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Report - Whittingham Asylum, Lancashire, April 14

Discussion in 'Asylums and Hospitals' started by H1971, Apr 20, 2014.

  1. H1971

    H1971 28DL Regular User
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    Another road trip planed. The usual 4am set off time and we were on our way :) This was my 2nd visit to this old girl and I was certainly shocked at the change in her. As everyone now knows demolishing is well on it's way. They are obviously keen to get her down as they even started working nearly as early as us. Had about an hour before we had to make a hasty retreat due to a digger turning up lol.
    Visited with AuntieKnickers, The Stig and Skapunkmetalskater

    History - pinched from my first report
    In 1866, the three Lancashire lunatic asylums at Prestwich, Rainhill and Lancaster were deemed to be full. Extra accommodation was urgently needed and to this end the building of Whittingham Asylum began in 1869. The hospital was designed by Henry Littler of Manchester, Architect to the Lancashire Asylums Board and built of red brick made from clay dug on site. The buildings followed a plan of multiple quadrangles with inter-connecting corridors radiating from a long axial corridor section.
    The hospital officially opened on 1 April 1873. The large complex (later known as St. Luke's Division) had an initial capacity of 1000 inmates and included an Anglican church, a Catholic chapel, a recreation hall and a large farm estate. In 1878 a new annexe (later known as St. John's Division) was built on 68 acres of land to the north of the site. The annexe was completed in 1880 and accommodated 115 patients and, by the special agreement of the Postmaster General, the hospital's own dedicated Post Office. In 1884, a sanatorium was established in the grounds for patients with infectious diseases.In 1892 works began for the grounds to be illuminated by electric lamps; these works were completed in 1894. Around this time an annexe called Cameron House was opened to the northwest of the main building, joined in 1912 by a third annexe, later to become known as St Margaret's division. By 1915 the number of inmates was recorded as 2,820 - more than double the asylum's original capacity.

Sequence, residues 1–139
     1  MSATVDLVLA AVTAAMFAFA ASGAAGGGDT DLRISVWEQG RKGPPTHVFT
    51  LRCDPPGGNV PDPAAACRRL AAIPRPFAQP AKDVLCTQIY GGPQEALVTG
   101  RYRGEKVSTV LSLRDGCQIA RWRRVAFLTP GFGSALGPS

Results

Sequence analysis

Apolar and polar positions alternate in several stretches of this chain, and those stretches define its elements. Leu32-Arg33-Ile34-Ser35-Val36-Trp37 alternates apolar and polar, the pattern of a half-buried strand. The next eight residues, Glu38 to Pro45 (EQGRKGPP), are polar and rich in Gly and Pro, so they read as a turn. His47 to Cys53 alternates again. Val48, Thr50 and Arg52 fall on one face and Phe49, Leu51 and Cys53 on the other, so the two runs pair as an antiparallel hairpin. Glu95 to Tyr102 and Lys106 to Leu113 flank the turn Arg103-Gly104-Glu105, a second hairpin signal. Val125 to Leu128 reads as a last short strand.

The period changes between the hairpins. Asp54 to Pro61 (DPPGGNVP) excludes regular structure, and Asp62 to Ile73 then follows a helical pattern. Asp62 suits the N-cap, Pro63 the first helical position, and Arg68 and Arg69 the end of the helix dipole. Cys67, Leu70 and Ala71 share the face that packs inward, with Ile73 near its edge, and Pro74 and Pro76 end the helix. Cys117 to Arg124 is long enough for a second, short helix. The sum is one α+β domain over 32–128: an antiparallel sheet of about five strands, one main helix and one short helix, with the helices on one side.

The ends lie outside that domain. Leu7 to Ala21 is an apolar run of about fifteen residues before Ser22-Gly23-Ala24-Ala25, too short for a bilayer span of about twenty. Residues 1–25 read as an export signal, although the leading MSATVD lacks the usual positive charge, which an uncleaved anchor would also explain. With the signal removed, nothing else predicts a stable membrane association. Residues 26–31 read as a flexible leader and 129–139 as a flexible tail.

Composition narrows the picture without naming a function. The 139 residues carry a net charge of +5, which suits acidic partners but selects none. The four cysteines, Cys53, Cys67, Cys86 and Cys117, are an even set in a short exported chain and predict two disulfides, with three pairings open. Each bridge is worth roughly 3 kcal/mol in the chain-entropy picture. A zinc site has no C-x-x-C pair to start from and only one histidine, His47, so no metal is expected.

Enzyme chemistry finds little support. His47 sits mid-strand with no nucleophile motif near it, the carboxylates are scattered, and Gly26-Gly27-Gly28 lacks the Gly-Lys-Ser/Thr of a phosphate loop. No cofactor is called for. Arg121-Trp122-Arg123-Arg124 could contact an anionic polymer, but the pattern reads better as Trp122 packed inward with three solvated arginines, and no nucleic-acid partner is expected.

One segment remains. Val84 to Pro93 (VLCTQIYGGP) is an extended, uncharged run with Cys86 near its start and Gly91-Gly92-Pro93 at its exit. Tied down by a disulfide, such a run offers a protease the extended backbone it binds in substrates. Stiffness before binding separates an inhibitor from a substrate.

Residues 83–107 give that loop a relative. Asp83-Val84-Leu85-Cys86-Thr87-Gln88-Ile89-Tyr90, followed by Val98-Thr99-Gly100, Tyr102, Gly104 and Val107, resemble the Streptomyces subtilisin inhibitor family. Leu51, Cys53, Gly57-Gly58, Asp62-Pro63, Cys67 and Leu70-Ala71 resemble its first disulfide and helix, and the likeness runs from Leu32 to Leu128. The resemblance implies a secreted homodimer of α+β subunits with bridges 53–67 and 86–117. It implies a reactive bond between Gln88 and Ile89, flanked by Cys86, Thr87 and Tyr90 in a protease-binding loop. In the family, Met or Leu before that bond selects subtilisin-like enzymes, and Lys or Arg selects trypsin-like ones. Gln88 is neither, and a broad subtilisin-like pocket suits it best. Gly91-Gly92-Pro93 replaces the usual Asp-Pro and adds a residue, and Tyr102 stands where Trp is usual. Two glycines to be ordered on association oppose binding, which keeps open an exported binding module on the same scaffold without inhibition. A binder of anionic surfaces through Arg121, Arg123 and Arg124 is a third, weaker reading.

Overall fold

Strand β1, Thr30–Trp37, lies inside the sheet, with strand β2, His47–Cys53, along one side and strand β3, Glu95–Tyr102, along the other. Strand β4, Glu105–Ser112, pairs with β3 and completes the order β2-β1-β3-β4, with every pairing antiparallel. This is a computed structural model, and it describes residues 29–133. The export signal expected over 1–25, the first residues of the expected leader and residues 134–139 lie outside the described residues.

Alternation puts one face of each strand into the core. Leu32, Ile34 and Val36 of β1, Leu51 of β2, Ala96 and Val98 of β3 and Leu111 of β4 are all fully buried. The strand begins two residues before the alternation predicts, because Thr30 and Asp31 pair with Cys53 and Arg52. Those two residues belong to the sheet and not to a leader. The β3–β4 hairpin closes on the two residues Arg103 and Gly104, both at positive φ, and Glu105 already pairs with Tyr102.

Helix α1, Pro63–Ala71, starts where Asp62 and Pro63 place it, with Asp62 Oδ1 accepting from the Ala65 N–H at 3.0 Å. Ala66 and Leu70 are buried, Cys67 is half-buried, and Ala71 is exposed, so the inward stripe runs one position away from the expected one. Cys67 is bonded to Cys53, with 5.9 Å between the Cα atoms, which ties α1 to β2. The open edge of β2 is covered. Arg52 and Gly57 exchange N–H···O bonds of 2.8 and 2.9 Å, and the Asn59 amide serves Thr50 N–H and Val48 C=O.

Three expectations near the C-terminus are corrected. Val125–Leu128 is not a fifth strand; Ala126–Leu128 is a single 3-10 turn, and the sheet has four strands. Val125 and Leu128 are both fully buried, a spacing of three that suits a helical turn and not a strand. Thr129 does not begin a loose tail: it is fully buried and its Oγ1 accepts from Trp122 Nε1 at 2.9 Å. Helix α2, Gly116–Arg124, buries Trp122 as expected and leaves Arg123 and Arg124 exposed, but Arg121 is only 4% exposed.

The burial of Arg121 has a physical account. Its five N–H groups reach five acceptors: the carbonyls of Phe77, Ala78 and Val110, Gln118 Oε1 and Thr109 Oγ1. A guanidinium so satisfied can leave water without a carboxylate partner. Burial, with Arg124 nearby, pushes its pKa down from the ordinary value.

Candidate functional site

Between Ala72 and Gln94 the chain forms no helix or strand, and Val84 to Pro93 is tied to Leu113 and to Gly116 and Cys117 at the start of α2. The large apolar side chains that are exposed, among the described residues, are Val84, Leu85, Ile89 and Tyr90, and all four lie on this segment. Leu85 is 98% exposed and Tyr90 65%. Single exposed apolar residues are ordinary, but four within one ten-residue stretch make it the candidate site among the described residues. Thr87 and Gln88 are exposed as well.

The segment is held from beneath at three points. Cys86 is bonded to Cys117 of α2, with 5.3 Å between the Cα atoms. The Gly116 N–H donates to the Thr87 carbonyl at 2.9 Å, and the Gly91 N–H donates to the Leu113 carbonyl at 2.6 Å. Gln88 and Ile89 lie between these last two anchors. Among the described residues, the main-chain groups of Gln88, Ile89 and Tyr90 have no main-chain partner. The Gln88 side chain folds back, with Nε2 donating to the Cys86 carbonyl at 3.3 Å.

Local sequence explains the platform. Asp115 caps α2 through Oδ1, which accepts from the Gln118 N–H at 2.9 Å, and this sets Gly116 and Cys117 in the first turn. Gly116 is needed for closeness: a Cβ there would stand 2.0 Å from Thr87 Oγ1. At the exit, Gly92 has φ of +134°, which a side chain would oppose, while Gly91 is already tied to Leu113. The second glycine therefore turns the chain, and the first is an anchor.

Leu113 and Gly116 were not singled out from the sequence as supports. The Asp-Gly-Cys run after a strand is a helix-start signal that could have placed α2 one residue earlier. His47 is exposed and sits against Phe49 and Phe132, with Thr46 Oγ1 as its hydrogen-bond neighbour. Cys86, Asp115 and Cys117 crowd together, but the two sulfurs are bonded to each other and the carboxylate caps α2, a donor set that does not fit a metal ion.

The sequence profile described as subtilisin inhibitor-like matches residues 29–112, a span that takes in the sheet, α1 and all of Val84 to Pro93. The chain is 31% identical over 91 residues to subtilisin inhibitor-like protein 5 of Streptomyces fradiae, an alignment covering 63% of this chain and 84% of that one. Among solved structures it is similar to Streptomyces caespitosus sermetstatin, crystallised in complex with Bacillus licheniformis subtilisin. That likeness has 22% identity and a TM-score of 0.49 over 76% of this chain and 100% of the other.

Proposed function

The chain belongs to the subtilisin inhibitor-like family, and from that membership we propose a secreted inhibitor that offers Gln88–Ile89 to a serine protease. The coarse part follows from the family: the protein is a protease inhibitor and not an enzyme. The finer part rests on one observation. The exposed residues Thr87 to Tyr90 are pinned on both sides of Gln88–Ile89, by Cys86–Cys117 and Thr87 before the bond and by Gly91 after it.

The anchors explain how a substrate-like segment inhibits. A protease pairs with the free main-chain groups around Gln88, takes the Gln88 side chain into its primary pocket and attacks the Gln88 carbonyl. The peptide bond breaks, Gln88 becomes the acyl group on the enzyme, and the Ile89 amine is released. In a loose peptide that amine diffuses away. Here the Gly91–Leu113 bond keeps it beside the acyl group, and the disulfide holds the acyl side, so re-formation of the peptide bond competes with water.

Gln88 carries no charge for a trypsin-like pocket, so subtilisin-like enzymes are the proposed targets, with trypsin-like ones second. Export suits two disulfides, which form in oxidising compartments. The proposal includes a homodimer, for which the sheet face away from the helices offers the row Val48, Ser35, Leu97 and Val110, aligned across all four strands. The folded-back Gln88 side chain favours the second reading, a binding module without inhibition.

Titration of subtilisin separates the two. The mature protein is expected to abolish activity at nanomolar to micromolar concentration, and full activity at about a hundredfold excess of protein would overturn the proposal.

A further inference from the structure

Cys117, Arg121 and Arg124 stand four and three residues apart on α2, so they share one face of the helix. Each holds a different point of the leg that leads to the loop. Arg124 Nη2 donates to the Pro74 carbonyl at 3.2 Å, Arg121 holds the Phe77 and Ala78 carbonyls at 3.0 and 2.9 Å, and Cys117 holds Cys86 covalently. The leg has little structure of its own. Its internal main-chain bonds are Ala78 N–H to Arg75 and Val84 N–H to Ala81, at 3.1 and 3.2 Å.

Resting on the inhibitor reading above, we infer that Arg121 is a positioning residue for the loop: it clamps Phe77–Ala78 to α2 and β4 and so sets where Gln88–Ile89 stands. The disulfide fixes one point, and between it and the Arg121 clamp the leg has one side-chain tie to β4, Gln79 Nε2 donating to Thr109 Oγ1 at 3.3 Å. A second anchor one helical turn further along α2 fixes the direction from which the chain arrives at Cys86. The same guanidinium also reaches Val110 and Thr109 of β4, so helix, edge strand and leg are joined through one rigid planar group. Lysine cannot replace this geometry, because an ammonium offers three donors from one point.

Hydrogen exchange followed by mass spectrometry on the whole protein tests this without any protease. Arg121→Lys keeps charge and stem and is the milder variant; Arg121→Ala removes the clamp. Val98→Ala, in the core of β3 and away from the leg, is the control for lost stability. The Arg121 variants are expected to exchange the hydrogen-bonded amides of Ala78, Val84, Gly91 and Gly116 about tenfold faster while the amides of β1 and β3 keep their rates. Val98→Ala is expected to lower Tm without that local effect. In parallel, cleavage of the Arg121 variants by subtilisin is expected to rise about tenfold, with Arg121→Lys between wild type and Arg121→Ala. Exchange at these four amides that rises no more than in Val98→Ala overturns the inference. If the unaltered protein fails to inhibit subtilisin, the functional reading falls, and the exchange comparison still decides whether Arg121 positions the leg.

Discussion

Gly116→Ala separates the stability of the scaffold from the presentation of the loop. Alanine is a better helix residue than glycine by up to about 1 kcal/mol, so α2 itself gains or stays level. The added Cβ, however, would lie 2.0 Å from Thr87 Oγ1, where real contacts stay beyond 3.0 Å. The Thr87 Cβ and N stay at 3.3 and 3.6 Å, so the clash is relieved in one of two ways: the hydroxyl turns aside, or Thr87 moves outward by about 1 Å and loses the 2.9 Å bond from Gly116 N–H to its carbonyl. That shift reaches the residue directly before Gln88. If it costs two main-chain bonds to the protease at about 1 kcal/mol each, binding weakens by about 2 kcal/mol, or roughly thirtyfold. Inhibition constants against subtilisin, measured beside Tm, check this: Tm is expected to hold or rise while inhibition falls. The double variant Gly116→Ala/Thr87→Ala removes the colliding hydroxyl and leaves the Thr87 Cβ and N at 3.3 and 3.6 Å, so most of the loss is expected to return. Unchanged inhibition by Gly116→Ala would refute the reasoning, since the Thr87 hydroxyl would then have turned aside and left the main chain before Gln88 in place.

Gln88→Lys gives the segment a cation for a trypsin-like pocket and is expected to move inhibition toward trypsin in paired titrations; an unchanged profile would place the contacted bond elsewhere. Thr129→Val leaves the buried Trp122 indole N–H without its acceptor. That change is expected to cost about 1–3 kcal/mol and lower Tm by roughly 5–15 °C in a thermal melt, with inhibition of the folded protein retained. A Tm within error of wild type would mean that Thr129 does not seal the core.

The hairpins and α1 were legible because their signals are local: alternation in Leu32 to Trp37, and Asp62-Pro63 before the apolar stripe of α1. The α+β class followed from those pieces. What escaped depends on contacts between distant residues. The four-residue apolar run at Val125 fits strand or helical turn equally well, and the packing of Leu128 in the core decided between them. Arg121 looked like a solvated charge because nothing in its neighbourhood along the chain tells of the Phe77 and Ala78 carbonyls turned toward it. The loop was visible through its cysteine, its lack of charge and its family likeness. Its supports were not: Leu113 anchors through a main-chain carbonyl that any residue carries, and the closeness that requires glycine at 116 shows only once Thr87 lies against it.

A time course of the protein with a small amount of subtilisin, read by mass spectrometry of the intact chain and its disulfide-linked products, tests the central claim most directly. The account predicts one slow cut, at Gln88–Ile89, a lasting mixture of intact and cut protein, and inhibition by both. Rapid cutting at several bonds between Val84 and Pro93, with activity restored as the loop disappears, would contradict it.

Pics -
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    Enjoy :)
     

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  2. AuntieKnickers

    AuntieKnickers inquisitive historian
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    some good shots there H :thumb and as always we had some giggles along the way.
     
  3. Will Knot

    Will Knot 28DL Regular User
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    I only live about seven or eight miles away from this site but I've still never bloody been and it's gettin' to late :( Nice shots there, thanks for postin' :thumb
     
  4. H1971

    H1971 28DL Regular User
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    Ah Will Knot you are jokin, you have certainly missed a treat :)
     
  5. ASOM

    ASOM One-Man Urbex Art Army
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    How the hell did you manage that!? :rolleyes: I live on the other side of the country and have been twice - whenever I'm out for a walk on a sunny summer's evening with nowt much else do to, I WISH there was an abandoned asylum a few miles away, you lucky sod!
     
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